Climate Change, El Niño Wilt Zimbabwe’s Food Supply

Photo by Nancy McNally/CRS

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Drought now permeates every aspect of people’s lives in Zimbabwe. It threatens water and food, education, health and the entire economy. Some 2.4 million people are going hungry and another maize harvest will not come in for another year. According to the United Nations, 14 million people could face a lack of food across southern Africa.

A child walks across the dried-out basin of what used to be a watering hole. Zimbabwe has been hit hard by the effects of El Niño and climate change, which has resulted in an extended drought. Photo by Nancy McNally/CRS
Cracked earth is all that remains of a former watering hole.  People, their livestock and indigenous animals all once relied on water from areas now completely dried. Photo by Nancy McNally/CRS
A woman and her young child  dig deep below the ground’s surface to reveal the last dregs of water. Once an abundant watering hole, the next closest source of water is hours away by foot. Photo by Nancy McNally/CRS
Drought has stunted the livelihoods of people like Fortunate Maangla, second from left, who relies on farming for her income. Fortunate’s youngest son had to drop out of school when she could no longer afford the school fees. Photo by Nancy McNally/CRS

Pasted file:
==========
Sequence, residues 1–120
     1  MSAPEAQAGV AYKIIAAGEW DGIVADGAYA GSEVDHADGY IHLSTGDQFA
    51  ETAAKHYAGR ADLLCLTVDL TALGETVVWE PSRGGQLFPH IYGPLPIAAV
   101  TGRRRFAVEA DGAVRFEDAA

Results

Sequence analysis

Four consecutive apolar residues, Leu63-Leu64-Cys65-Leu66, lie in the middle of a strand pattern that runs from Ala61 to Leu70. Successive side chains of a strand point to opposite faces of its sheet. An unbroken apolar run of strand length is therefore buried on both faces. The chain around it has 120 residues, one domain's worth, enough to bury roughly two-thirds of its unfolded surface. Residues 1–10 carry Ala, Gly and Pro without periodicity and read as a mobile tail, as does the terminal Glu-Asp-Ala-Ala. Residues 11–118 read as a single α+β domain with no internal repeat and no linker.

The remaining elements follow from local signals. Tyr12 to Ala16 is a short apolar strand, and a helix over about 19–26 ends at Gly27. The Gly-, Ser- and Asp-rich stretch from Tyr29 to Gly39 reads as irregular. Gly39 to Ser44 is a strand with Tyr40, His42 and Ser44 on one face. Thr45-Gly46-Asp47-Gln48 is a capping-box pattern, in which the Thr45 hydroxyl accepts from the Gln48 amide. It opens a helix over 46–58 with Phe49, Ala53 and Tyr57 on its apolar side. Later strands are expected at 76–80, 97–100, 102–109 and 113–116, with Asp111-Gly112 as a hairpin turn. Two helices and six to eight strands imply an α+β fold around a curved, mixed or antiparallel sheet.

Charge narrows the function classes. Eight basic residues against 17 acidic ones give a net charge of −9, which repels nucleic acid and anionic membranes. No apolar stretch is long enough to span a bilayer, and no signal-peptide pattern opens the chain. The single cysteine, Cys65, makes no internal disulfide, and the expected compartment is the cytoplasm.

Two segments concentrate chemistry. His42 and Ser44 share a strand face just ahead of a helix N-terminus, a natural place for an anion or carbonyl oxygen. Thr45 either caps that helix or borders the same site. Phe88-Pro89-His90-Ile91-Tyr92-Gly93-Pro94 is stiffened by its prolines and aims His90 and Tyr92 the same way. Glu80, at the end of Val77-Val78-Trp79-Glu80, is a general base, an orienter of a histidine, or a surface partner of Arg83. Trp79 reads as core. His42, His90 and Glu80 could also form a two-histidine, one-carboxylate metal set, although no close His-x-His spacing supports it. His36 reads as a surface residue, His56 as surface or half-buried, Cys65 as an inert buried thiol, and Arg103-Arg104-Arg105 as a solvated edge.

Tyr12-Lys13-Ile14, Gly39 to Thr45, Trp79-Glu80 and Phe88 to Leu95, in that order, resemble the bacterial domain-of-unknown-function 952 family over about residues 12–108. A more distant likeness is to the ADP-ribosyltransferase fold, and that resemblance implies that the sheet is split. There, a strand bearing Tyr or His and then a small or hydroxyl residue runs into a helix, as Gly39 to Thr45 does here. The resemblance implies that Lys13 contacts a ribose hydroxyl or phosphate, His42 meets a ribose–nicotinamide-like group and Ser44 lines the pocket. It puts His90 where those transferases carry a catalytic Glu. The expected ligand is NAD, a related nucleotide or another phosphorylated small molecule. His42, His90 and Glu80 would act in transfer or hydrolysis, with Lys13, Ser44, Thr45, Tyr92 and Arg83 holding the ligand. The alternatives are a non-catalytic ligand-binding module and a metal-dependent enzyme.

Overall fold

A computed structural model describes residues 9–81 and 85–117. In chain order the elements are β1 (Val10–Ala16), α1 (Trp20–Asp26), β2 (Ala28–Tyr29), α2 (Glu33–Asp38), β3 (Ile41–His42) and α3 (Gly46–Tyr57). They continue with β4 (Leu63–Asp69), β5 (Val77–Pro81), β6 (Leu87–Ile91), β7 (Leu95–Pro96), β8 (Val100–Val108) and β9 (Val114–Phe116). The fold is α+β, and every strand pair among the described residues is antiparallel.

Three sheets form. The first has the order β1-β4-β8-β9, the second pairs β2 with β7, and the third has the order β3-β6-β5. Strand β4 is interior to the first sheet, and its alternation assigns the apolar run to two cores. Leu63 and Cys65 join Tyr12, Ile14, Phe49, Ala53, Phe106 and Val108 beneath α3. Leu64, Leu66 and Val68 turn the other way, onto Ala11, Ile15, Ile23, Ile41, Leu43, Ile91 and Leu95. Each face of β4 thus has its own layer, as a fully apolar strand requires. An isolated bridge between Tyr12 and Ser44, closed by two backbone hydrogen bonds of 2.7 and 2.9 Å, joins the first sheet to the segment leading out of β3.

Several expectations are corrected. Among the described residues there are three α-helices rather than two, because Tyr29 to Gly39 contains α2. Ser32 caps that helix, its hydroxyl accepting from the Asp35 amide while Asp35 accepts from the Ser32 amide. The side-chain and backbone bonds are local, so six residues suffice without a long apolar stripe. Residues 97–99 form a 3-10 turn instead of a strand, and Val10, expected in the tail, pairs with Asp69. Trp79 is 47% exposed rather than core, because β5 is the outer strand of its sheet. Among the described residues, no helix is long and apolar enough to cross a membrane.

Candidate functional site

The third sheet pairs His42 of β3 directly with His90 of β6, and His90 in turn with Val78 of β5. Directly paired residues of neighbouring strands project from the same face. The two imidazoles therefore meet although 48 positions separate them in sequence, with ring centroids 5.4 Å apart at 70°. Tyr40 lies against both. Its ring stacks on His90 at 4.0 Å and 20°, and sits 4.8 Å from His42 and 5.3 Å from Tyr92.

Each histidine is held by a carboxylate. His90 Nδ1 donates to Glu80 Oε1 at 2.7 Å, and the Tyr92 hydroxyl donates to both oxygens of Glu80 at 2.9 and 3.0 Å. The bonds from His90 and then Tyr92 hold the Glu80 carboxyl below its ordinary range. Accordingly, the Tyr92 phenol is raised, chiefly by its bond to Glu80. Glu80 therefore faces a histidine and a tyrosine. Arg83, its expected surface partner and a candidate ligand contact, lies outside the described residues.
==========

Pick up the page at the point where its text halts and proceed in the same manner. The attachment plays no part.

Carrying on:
David Mwaitomupi, acting principal at Chidoma Secondary School, says even students who continue to attend may fall unconscious at school from hunger. Students may walk for several hours to school and back with empty stomachs. Photo by Nancy McNally/CRS
Girls can pay the heaviest price when there is drought. Often, they are pulled out of school to make money at home. Sometimes they are married off to whomever pays the highest dowry, income needed to help their families survive. Photo by Nancy McNally/CRS
Fruit from the drought-resistant baobab tree provides a few rare options for nutrition in Zimbabwe. Overall, people have limited sources of sustenance since the drought. Photo by Nancy McNally/CRS
The baobab fruit contains small, cube-like seeds covered with a white, filmy powder that tastes sweet and sour. People boil the fruit to make a thin porridge. They also eat the leaves and roots of other local trees. Photo by Nancy McNally/CRS
These bales of cotton were left abandoned in 2011, when the cotton industry collapsed in Zimbabwe. Many cotton farmers tried to grow maize instead, but the increasingly hot, dry climate is no longer suitable for it. Photo by Nancy McNally/CRS
Bridges that once stood above rushing rivers now arch over nothing but sand. Many seasonal rivers in Zimbabwe dry up at certain times every year, but since the drought even perennial rivers have evaporated. Photo by Nancy McNally/CRS
Digging for muddy water has become a means of survival since climate change and El Niño have reduced Zimbabwe’s rainfall to occasional, erratic rain bursts. Photo by Nancy McNally/CRS

 

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